This is an extremely interesting article in Spiegel and recommended reading. Check it out!
Reading this article, two threads of thought went through my mind.
Firstly, I could have imagined this article describing the state-of-play in one of the busy airports in David Cameron‘s UK, perhaps, Gatwick, Stanstead or Luton opening a new terminal? In Cameron’s austerity-torn UK, quality is subordinated in favor of crude cost-cutting, rather than state-of-the art innovative design. Since the UK’s airports have been privatized from the public sector, they have had a very mixed record and compare poorly to the major airports of the World, with travelers often having disgraceful delays in airports like Heathrow; security is often subordinated to rude, unskilled contractors rather than best-practice scanners. Airports in the UK are a “regulated industry” and the model is essentially cost-plus, so airport owners are not properly exposed to competition to improve customer service and reduce costs. Airport operators seem to be more concerned in profiting from a share of airport retailers revenues, rather than in improving the travelers’ experience.
My second thread moved to reflections on German quality. Is the new Berlin airport saga described in Spiegel a symptom of slipping standards in German industry? Is this the beginning of the end for leading German companies who can no longer live up the image projected by their brands? When reflation eventually comes to Germany and costs increase, German industry will have to compete on level playing fields, rather than benefiting from an artificially low Euro. Will European consumers turn against German brands as prices rise? Perhaps, business schools will write case studies on what went wrong with German industry?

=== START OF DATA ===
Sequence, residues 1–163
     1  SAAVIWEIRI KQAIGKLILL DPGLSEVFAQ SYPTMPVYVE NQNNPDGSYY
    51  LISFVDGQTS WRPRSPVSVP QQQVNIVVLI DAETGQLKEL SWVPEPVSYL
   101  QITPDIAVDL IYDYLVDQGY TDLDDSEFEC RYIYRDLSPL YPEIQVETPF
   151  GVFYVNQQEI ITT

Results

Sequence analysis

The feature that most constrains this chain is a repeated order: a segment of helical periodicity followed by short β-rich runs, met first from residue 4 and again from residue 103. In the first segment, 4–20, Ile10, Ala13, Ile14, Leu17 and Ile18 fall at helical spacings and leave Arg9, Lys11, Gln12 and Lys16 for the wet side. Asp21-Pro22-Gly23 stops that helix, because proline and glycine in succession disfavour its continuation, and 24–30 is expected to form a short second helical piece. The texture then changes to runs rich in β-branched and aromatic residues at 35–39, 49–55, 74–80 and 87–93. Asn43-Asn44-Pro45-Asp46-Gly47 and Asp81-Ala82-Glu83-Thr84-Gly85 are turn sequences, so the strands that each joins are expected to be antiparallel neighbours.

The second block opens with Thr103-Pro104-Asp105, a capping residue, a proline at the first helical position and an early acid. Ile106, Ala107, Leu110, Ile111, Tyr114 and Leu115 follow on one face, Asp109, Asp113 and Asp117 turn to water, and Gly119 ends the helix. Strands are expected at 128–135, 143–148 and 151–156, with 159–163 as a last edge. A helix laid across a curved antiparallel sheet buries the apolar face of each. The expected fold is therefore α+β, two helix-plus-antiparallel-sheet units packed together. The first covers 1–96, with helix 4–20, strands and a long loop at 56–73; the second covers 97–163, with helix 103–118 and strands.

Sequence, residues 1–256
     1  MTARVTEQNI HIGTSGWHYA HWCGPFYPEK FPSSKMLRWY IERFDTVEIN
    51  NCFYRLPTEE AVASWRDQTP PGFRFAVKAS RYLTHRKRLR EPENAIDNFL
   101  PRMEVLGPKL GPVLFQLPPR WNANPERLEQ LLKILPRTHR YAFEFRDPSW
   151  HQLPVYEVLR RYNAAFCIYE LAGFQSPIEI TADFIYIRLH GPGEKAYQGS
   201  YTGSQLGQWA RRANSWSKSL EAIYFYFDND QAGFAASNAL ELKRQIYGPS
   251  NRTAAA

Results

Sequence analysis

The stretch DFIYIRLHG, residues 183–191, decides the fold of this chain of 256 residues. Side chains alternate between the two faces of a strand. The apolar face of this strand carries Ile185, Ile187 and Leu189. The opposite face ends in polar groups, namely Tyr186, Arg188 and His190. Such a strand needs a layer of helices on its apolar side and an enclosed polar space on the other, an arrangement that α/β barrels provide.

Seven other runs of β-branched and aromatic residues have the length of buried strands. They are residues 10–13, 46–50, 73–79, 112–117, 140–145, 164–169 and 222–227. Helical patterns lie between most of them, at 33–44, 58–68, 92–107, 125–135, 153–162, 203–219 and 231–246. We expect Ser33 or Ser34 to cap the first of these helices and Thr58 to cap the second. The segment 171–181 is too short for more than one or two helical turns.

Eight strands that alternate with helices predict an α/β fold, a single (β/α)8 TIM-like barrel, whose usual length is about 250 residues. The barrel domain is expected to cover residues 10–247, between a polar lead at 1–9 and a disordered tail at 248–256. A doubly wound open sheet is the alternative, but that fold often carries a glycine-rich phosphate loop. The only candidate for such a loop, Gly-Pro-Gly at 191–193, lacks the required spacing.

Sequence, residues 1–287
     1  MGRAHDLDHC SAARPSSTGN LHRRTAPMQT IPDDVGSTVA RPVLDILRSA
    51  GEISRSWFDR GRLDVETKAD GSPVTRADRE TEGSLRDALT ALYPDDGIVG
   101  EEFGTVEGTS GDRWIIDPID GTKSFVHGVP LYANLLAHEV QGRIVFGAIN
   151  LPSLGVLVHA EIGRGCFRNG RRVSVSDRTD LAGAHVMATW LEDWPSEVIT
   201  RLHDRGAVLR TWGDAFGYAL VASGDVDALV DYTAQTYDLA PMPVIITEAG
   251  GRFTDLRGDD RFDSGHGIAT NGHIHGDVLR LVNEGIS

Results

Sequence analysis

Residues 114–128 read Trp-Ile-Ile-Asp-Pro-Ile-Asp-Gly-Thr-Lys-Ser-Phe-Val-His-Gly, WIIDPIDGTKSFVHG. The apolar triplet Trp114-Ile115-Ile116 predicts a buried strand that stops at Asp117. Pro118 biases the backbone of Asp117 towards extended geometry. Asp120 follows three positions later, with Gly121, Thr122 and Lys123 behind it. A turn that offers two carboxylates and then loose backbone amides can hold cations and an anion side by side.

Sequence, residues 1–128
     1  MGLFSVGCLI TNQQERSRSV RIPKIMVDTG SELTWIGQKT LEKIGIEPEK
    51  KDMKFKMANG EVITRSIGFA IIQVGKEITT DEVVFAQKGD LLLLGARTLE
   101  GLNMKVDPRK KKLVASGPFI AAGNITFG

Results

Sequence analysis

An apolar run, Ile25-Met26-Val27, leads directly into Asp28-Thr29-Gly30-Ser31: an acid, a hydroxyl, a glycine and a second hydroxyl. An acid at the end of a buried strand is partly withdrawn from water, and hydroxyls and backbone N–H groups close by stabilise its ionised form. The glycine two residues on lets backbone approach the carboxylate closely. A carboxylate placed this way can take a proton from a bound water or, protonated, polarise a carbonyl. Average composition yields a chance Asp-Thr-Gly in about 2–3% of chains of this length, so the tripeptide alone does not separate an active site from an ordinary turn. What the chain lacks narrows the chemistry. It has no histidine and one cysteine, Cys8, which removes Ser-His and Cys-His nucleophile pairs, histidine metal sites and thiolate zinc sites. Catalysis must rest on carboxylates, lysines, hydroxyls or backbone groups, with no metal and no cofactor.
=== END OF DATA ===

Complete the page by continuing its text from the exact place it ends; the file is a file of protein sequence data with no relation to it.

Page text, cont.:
Taking the two threads together, I have a third explanation. Perhaps, in Germany quality assurance is actually working effectively in stopping the new Berlin airport from opening prematurely, disrupting thousands of customers? For sure, in David Cameron’s UK, political expediency would probably prevail and customers would be subordinated.
If I were a betting man (which I am not), I would still put a wager on German industry winning through, in spite of higher costs. On the other hand, I would be cautious of UK industry’s opportunities in global markets. In David Cameron’s UK, there is no industry strategy which dovetails with policies to improve the skills of the UK’s labor-force; far too much weight is still put on financial services, where the big banks operate an oligopoly and customers suffer. For me, David Cameron’s government is fixated with austerity, and ignores strategy, risk, innovation and improving skills of the UK’s workforce; if you doubt me, think about language training for the BRICS markets and professional selling skills. Look to the evidence, with UK companies still hording cash rather than investing in capital spending and creating new jobs.
My conclusion would be don’t be too quick in laughing at Berlin’s new airport. Perhaps, Berliners don’t really have egg on their faces and will have the last laugh?